Miles Thompson

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City Of Ember Review


Good
We critics like to argue that Hollywood defangs most family fare. Unless it can find a viable commercial tie-in, or lead to a series of equally superficial sequels, studio suits avoid anything remotely dark or contentious. Apparently, the applicable philosophy argues that childhood is a time of innocence and fun, therefore, any movie aimed at said audience should be even more fluffy and non-threatening. Watching City of Ember, the latest live-action effort from Monster House director Gil Kenan, a couple of questions instantly come to mind. One, who authorized such a wonderfully rich yet exceedingly grim adventure? And two, who exactly will show up on opening day?

For the residents of the city of Ember, these are troubled times. The massive generator that keeps the town functioning is failing, and Mayor Cole (Bill Murray) is at a loss for answers. A bumbling bureaucrat through and through, he'd rather maintain order than find a viable solution. Two young members of the community, Doon Harrow (Harry Treadway) and Lina Mayfleet (Saoirse Ronan) don't want to give up. He wants his father (Tim Robbins) and an elderly co-worker Sul (Martin Landau) to help him get to the damaged energy source. She discovers a strange box which may hold a key to saving the day. Unfortunately, a hidden cabal of city leaders may be trying to undermine any effort to bring Ember back from the brink.

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Me and You and Everyone We Know Review


Extraordinary
Don't let Miranda July's background as a performance artist scare you away from her first feature, the offbeat, totally winning Me and You and Everyone We Know. July, who also stars in the film, combines a twisted indie sensibility with honesty and warmth, creating a movie of surprising accessibility. As the "independent" genre becomes increasingly forced, Miranda July's greatest accomplishment is that this all feels so effortless.

Making up the odd little microcosm of Me and You (recently chosen for competition at Cannes) are characters ranging in size, color, age and desires. Christine (July), a woman who chauffeurs the elderly around in her car, longs for two things: her own art installation and the affections of a scruffy shoe salesman named Richard (John Hawkes, of HBO's Deadwood). Richard is nursing a broken heart and a bit of self-flagellation since separating with his wife and moving his mixed race sons (Miles Thompson and amazing six-year-old Brandon Ratcliff) into a tiny apartment.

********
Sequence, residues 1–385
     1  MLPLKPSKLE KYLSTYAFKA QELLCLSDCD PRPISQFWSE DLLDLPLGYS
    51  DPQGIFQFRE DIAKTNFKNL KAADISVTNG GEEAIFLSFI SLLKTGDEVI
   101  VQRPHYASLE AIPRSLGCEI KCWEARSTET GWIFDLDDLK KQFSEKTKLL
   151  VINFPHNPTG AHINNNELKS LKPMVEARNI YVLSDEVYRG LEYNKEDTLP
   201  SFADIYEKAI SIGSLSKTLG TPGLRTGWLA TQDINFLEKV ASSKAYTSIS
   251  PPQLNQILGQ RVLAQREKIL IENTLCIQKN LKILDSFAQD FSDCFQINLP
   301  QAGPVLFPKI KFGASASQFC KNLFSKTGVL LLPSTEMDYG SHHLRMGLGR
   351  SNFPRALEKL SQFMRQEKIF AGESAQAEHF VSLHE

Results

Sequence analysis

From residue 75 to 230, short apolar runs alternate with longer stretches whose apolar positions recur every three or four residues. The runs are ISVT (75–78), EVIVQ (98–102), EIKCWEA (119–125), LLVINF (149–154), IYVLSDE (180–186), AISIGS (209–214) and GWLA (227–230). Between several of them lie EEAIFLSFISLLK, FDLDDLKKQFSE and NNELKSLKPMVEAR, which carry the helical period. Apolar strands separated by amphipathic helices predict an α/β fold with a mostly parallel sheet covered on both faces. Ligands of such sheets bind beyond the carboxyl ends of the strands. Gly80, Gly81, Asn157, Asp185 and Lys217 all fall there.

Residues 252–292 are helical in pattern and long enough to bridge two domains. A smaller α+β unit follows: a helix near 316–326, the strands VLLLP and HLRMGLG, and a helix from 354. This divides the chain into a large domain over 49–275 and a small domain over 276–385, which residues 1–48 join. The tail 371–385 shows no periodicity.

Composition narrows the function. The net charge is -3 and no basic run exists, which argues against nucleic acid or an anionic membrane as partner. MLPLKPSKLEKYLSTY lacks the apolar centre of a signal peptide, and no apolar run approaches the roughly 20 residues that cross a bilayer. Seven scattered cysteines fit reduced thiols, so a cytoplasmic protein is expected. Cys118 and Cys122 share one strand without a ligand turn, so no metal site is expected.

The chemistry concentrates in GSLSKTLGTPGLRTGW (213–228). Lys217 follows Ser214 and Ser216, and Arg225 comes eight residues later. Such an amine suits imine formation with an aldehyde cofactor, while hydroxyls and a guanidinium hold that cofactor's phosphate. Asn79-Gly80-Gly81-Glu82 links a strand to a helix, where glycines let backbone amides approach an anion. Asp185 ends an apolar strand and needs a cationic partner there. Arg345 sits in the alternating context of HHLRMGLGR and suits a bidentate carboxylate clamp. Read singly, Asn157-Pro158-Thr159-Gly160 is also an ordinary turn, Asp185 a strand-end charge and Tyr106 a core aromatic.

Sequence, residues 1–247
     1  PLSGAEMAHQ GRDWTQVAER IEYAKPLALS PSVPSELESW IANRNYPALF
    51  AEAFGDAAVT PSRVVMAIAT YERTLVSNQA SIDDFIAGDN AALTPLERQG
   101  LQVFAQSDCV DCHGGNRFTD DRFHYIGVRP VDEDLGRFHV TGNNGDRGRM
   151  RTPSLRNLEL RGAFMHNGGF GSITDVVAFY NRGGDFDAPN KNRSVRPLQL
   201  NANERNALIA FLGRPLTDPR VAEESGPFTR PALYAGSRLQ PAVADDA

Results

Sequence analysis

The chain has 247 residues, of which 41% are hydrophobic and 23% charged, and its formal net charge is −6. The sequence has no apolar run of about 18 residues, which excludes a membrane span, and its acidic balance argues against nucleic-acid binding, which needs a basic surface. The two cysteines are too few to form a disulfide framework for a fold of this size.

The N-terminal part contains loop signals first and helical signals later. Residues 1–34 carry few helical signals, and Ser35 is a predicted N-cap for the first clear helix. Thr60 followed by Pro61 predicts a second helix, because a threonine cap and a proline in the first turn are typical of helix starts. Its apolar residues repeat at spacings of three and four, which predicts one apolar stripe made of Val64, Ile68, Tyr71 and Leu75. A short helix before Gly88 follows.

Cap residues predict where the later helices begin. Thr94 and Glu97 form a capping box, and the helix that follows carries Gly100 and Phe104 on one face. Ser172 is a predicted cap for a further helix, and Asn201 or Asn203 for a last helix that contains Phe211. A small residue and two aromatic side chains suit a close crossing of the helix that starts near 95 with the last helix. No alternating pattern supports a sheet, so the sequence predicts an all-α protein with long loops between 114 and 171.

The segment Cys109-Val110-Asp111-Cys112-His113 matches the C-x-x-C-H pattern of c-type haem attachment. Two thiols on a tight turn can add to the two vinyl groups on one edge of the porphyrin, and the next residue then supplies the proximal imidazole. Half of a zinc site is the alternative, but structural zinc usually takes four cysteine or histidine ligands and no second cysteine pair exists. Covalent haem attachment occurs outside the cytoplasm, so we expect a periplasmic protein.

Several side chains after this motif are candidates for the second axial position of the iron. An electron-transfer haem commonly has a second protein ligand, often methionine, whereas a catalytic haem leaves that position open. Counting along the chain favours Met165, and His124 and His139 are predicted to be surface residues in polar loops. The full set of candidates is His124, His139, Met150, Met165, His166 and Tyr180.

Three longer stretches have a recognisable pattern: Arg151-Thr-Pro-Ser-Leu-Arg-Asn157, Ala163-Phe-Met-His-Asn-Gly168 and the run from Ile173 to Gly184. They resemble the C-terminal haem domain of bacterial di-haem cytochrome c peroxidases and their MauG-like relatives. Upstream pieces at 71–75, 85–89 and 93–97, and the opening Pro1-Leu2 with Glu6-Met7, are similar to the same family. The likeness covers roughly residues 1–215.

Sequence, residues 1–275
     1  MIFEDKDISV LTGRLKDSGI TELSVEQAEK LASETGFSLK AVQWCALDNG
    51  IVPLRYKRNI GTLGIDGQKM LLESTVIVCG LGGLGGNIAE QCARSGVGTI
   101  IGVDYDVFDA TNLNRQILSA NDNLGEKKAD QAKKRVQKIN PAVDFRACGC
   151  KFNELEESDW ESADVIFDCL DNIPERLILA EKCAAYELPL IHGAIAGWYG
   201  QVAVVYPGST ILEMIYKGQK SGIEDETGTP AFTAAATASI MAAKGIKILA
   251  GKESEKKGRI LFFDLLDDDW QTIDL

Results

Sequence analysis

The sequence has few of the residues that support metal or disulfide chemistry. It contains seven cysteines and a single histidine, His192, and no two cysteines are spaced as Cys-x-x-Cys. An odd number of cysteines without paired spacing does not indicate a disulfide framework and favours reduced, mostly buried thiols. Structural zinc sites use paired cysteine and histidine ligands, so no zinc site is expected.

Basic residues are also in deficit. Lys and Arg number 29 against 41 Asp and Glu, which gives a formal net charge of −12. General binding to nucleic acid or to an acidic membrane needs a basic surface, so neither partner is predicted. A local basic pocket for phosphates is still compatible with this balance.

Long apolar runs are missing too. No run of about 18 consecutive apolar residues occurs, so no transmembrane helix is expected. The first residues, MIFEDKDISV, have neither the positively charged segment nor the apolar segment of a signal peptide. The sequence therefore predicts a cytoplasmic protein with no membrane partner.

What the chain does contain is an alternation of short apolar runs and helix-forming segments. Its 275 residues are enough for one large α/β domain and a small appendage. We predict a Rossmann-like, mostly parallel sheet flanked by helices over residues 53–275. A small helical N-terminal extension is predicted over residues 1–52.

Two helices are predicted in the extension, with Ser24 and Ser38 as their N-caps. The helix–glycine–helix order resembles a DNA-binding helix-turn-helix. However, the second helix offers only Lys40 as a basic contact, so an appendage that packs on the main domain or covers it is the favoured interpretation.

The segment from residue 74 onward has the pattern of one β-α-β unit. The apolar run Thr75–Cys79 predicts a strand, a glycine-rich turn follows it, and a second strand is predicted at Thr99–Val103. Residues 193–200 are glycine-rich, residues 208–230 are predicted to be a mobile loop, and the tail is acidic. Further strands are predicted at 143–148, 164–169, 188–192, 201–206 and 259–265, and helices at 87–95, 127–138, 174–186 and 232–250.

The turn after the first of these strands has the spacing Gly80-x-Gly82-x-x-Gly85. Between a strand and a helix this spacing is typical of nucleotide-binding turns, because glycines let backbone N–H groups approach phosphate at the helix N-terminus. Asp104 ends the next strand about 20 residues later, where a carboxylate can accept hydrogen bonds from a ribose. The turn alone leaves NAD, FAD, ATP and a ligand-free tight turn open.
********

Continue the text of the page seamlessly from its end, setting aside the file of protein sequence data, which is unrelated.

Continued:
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Me & You & Everyone We Know Review


OK
It probably helps a great deal that the wispy, flower-likeMiranda July appears in her own film, as her adorable, blue-eyed presencewarms what would have been a cold, quirky, Todd Solondz-like experiencein "Me and You and Everyone We Know."

Like a mini-"Short Cuts," the story follows severallost and lonely characters as they cross paths in funny, sad and sometimesdisturbing ways. A six year-old boy chats on an internet sex site, a manlights his hand on fire and a woman practically throws herself at him,not comprehending how dangerous or unhinged he may be. Yet none of thissets off any alarm bells, thanks to July's wide-eyed dreaminess and eternalhope.

A former performance artist and video maker, her featuredebut plays both with memorable visuals and lovingly written words. Fromthe opening sequence -- in which she records two voices for a potentialvideo art piece -- she raises our hopes and manages to keep them there.

July plays Christine, a video artist who falls for Richard(John Hawkes), a newly divorced father of two boys, one a teenager andthe other only six. Christine also drives an Elder Cab and becomes involvedwith some of her aged clients. Otherwise, we meet a couple of teenage girlsexperimenting with sex, Richard's African-American ex-wife, who alreadyhas a new boyfriend, and a lonely art museum curator.

Continue reading: Me & You & Everyone We Know Review

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